relying party agreement
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Clicking on the above generates a 404 error. So there's no agreement to agree to...???
VeriSign and one of its partners have come under fire for publicly exposing webpages used to process customer security certificates, a practice a competitor claims puts some of the biggest names on the web at risk of serious targeted attacks. According to Melih Abdulhayoglu, CEO of internet security firm Comodo, publicly …
So they're saying that the information disclosed is sensitive, but most of it is included in the final certificate anyway and is thus public accessible through the secured web site anyway.
They're also saying that if you've put your password (sorry, 'challenge response') online somewhere, then people can pretend to be you to make changes.
Let me guess, next they'll tell us that the pope shits in the woods, or that bears are catholic?
"But it seems a fair point that they needlessly expose information that would better be kept private."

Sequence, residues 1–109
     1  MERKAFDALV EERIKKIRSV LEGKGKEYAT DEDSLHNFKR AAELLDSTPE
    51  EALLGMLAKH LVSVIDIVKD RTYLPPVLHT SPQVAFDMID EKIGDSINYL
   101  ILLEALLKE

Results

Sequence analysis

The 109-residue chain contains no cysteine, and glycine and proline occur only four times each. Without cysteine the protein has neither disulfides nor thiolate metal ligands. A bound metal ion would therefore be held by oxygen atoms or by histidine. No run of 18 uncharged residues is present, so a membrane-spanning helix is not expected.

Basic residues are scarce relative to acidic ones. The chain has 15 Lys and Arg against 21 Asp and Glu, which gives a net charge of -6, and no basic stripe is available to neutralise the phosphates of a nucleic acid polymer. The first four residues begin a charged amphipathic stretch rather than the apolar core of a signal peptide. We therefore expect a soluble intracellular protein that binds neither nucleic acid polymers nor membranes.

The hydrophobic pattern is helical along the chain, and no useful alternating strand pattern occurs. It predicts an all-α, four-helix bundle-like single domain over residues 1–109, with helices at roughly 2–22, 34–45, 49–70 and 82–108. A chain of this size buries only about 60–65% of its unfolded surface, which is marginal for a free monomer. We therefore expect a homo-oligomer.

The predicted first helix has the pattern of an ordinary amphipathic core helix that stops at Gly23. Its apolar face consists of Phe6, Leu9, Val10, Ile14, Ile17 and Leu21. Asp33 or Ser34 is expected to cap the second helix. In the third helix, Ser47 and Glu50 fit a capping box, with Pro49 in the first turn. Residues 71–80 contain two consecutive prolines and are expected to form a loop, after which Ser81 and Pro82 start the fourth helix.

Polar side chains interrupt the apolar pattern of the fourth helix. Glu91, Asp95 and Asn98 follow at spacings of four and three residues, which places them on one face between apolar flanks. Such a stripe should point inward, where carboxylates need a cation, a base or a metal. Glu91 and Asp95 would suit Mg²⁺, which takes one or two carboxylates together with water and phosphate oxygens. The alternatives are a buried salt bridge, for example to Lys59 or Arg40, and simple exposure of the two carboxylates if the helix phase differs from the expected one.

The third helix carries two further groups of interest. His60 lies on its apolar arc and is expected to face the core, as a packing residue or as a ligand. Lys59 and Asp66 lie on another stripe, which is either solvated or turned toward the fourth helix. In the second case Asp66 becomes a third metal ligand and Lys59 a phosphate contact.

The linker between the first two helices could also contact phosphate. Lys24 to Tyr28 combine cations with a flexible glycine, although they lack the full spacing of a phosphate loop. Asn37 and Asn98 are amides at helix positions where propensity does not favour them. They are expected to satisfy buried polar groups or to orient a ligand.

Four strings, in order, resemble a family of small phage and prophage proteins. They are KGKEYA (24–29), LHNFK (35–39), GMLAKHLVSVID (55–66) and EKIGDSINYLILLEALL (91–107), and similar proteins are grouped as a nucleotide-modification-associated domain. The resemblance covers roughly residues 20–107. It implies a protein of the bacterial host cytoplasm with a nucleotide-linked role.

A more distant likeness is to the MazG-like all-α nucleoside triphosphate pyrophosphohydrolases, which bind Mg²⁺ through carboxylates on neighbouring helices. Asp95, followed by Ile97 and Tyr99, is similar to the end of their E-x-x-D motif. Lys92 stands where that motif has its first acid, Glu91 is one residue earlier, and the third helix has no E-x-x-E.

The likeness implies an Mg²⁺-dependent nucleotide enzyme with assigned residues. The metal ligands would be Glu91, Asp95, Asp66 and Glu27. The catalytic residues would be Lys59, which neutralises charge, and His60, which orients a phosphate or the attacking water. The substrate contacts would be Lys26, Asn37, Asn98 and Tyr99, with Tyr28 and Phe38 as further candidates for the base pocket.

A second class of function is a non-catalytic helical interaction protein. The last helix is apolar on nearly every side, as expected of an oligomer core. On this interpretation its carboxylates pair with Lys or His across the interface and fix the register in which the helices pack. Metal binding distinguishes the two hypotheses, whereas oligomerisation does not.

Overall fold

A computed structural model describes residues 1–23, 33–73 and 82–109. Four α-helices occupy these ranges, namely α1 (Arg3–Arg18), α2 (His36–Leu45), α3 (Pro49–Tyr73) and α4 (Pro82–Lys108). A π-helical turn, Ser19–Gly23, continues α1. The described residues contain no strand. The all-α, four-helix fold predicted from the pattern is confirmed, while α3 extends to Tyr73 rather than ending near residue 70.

Like what? You can bet that the number of people who know these email addresses within the various organisations is already fairly large, and that there are other ways of finding the information. Verisign's attitude merely emphasises that this is not security-critical information. In fact, it's rather reassuring to see that they don't believe in security by obscurity.
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On these particular pages, submitting a CSR probably won't do you much good anyway. This is Verisign's "Managed PKI": requests submitted in this manner need to be approved by the organisation's certificate administrator, and even that worthy fellow is required to have a Verisign-supplied SSL client certificate in his browser to get access to the approvals web form. If said individual is snowed under and/or doesn't keep a good track of requests, you might get somewhere. Personally, I doubt it.
I'm not sure what'd happen if you tried to revoke an existing certificate, however. Have not done that yet.
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